Never criticize yourself

Have you ever noticed how some people don’t think twice before criticizing someone else? Or how their tolerance level for ideas that are different from their own is practically non-existent, making them argumentative and easily angered? Well, the truth is, there will always be differences between us, and since I, myself, do not wish to criticize others, I must preface this by saying that I’m sure those folks are simply unaware of the repercussions of their behaviour, or I am certain they would not continue.

Therefore, my goal is merely to point out that if, in fact, all is interconnected, meaning everything affects everything else, then perhaps we need to investigate why it’s so important to consciously choose where we put our attention and how we spend our time. Are we finding fault and tearing down or lifting up and helping to heal?

Most of us consciously aspire to take the correct path to become the best versions of ourselves. The best tool we have to measure our efforts with is self-analysis. Of course, it’s admirable to try your hardest to do things the best you can and be the best person you can be. That’s why we often look at the negative in order to improve the next time around.

However, though self-analysis is a great way to observe your behaviour and overcome your weaknesses and bad habits, it is easy to start underestimating yourself; it’s very easy to get too self-critical.

In the long term, too much self-criticism can negatively impact your success and mental health. Being too self-critical hurts your self-esteem and confidence. In fact, it’s directly related to low self-esteem and perfectionism.

Are you too self-critical?

It becomes a problem if we go on “autopilot” when we start to criticize ourselves. We need to wake up and notice the damage we are unwittingly causing. To see if you’re too self-critical, take a look at this list. If you think it matches up with what you do on a day-to-day basis, it’s time to put a stop to it and take better care of your mental health.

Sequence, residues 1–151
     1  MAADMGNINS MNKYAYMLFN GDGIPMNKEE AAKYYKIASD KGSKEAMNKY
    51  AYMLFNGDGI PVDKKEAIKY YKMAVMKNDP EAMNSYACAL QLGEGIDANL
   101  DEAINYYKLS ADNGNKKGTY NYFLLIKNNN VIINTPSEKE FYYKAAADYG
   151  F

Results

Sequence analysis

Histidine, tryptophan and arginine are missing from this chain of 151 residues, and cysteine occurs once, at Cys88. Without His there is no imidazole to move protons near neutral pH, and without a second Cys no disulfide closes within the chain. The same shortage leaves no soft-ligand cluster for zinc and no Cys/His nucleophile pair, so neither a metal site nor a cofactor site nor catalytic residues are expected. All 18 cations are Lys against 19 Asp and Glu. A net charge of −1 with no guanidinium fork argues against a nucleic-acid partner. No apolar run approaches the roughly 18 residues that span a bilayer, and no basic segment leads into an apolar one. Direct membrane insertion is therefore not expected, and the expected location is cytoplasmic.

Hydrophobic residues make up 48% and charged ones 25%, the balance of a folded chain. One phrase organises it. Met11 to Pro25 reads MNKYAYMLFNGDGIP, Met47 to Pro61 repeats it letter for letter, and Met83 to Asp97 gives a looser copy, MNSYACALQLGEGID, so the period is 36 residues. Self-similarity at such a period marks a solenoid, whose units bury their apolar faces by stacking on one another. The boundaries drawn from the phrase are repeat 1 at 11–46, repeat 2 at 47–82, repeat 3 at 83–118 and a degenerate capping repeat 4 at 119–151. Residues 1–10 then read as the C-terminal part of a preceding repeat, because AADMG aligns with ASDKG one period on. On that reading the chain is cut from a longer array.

• Nothing is good enough for you, including yourself. You feel like you never do a good enough job. In your opinion, things don’t happen like they should. Everything around you falls short, including yourself.
  • No one is to blame but yourself for every negative situation. You feel personally responsible when something bad happens. You quickly take responsibility, ignoring other external factors that are out of your control that could be related to what happened.
  • You disappoint yourself, even when it’s a specific issue you could identify and improve on. Every time you do something wrong, you feel like a failure. When you make a mistake, you assume that you’re a complete failure, even if it’s a specific, identifiable — and therefore changeable — behavior. Instead of focusing on the behavior that caused the problem, and you generalize.
  • Your guilt drowns you as you persistently analyze your mistakes. Do you spend a lot of time and energy analyzing what went wrong and how you’re responsible for it? But in the end you don’t ever draw a conclusion that lets you look back on the past with optimism? Maybe you dwell on your guilt and what’s wrong with you, what you didn’t do, instead of thinking of alternatives for next time.

Risk avoidance

  • Risks are not an option. You do not take risks because you feel you will fail. In your mind, things will go badly for you if you take a risk, just as they have in the past. You are convinced that the best, safest option is to do nothing.
  • You avoid expressing your opinion. Out of fear of saying something stupid, crazy, or out-of-place, you don’t say anything. If you do, you think you won’t have anything interesting to say. Maybe you believe that your thoughts are not welcome or are boring.


  • You’re never satisfied with your achievements. You constantly find mistakes in the work you do. If you can’t do something perfectly, it’s better to not do anything. You concentrate on unavoidable imperfections, even when the end results are positive.
  • All situations are possible worst case scenarios. Do you always expect the worst? Maybe when you think of the future, your thoughts always start with “But what if…” You filter all your future actions through the lens of possible failure. Your fear of humiliation and failure guides you more than triumph and success.
  • You have problems with your self-image. Perhaps you have complexes you just can’t go. You believe that the bad parts of you will affect the value and esteem others have for you. Your self-image blocks or could block professional and social progress.
  • Any criticism makes you feel defensive. Constructive or reasonable criticism bothers you. Your reactions are exaggerated, and you take what people say personally.

Intense and frequent self-criticism is a form of self-sabotage. That is, by criticizing ourselves we do just the opposite of what’s healthy for us. Then why do we do it? Because it’s part of our bigger psychological picture, where we’re used to carrying heavy loads of rejection, fear, and oppression.

This is how negativity becomes a trap that’s hard to get out of. We chain ourselves to it because it’s familiar; we take ownership of it. We look for negativity on autopilot, because we feel naked without it.

If you want to stop being so self-critical and sabotaging yourself, you’ll need to get to know yourself better. It also requires changing your internal dialogue.



Get the Medium app

A button that says 'Download on the App Store', and if clicked it will lead you to the iOS App store
A button that says 'Get it on, Google Play', and if clicked it will lead you to the Google Play store